_ The unemployment rate for blacks in 2006 was 9.9 percent, more than twice the rate for whites.

_ Only 53 percent of African-Americans in Philadelphia are homeowners compared with 64 percent of whites.

_ 32 percent of blacks live below the poverty line, compared with 16 percent of whites.

_ Blacks in the city are more likely to be imprisoned once arrested than whites. Some 2.8 percent of blacks are imprisoned when arrested, compared with 1.2 percent of whites.

_ In education, 11.8 percent of blacks hold a bachelor's degree or higher, compared with 28.2 percent of whites.

"Sad to say, there is not much that is new in this report," said Bernard Anderson.

"That is a sad corollary in our present time. The report is about racial inequality in Philadelphia economic life, and that inequality has existed for a long, long time."

Bernard Anderson said some of the same conditions and inequalities existed when W.E.B. Du Bois compiled his groundbreaking sociological study in the 1899 book "The Philadelphia Negro."

"If you go back and look at what Du Bois said about the social and economic conditions of Philadelphia . . . and fast forward to 2007, you will see a surprising similarity in the conditions of black people 100 years later."

He conceded that there have been some gains and noted that there is a growing black middle class. Unfortunately, he said, "there is a widening gap" between the black middle class and the black poor.

"That segment of the black community that doesn't have the values and attitudes and behaviors associated with economic success is falling further behind."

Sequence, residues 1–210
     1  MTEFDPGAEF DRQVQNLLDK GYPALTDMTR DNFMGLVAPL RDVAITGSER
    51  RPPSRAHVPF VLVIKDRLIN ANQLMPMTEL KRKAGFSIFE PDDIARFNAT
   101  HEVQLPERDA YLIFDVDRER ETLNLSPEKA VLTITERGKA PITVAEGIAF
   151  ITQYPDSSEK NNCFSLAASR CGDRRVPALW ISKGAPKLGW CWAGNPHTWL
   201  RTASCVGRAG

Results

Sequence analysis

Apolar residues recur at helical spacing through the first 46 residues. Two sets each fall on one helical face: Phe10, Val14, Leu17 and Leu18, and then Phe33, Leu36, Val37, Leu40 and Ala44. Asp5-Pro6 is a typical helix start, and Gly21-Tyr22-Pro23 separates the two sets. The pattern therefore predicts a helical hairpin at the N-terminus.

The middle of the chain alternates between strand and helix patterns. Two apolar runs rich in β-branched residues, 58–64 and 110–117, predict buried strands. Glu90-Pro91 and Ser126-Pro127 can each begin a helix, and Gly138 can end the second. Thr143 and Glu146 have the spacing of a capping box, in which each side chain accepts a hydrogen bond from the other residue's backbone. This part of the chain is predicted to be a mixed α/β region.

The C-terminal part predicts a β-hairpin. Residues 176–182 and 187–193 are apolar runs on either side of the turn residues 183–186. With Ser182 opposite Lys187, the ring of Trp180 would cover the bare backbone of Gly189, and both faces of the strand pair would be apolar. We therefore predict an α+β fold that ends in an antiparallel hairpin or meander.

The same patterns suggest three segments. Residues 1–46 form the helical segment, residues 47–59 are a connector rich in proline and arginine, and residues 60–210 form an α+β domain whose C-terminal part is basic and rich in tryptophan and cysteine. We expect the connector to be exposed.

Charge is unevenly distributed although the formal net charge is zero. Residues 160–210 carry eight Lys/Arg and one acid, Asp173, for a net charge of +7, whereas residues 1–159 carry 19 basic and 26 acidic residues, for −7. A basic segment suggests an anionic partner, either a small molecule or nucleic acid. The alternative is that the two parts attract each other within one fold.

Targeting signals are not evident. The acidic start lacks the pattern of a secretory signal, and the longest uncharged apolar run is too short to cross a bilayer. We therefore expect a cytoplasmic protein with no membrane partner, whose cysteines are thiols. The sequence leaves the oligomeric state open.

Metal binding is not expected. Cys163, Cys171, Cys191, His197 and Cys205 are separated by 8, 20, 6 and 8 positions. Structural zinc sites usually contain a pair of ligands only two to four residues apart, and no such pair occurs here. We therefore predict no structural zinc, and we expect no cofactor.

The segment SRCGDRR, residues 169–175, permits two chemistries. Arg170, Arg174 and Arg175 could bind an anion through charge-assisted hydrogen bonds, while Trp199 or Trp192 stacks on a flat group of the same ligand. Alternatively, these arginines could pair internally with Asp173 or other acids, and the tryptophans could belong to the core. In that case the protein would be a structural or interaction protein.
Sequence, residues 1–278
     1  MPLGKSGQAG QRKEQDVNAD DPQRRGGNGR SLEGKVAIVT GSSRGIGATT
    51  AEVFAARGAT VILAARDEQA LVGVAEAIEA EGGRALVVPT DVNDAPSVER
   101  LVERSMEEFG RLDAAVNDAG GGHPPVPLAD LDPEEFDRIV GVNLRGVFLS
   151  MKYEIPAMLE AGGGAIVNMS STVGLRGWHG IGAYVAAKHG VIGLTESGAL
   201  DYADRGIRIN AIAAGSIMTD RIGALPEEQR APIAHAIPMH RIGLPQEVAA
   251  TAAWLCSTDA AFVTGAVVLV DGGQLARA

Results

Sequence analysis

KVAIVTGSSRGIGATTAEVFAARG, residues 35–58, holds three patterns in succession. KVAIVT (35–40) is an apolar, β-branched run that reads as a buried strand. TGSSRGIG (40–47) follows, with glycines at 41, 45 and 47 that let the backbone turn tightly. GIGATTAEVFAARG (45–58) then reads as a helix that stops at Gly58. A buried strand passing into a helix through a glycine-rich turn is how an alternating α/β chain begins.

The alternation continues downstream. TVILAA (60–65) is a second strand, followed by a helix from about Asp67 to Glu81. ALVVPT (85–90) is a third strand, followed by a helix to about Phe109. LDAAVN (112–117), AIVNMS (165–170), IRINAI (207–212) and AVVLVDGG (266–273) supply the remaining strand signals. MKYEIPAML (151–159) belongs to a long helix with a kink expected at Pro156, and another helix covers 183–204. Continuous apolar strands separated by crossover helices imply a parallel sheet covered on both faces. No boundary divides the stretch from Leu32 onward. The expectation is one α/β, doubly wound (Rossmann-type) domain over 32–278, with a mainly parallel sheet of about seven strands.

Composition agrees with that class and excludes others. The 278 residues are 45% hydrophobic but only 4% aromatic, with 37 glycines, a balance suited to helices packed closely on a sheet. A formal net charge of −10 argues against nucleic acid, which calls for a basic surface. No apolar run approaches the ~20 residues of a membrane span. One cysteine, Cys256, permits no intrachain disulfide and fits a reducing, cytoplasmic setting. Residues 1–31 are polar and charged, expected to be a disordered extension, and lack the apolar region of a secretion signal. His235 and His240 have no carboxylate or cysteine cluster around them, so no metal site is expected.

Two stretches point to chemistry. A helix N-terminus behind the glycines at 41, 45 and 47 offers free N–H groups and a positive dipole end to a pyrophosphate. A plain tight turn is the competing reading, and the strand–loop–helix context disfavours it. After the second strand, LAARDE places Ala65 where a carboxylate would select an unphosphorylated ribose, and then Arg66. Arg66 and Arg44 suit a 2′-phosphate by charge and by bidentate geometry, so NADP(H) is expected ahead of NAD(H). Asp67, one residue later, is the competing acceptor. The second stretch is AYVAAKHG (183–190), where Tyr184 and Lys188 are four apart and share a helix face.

Elijah Anderson, author of a number of books about the inner-city poor, including "Code of the Street" and "Streetwise," said he was particularly concerned about the future for young black men from poor neighborhoods, young men who appear to fit the "segment of the community" that Bernard Anderson talked about.

Noting that much of the old industry jobs have "gone overseas or to the suburbs," Elijah Anderson said: "In place of those high-paying manufacturing jobs are service jobs that don't pay people enough to live."

But for young, poor, black men, even those low-paying service jobs are hard to find because employers "don't trust the way" the young men look, he said.

"A lot of these guys are dressing in the style of the streets because if you don't, then people will roll on you, but it's a style that gets them in trouble with employers and the police.

"Lots of employers have other people to choose from," he said. "They have people that they put more trust in, and they tend to leapfrog these young men and discriminate against them."

The Urban League's Pat Coulter said that the most important message from the report is the need to understand that the problem isn't just a problem for African-Americans. It's a problem for the city, the state and the nation, also.

Or, as Bernard Anderson put it: "African-Americans are not an isolated island.

"They are a part of the broader economy.

"Wherever black people live, they are part of a larger economic and social reality." *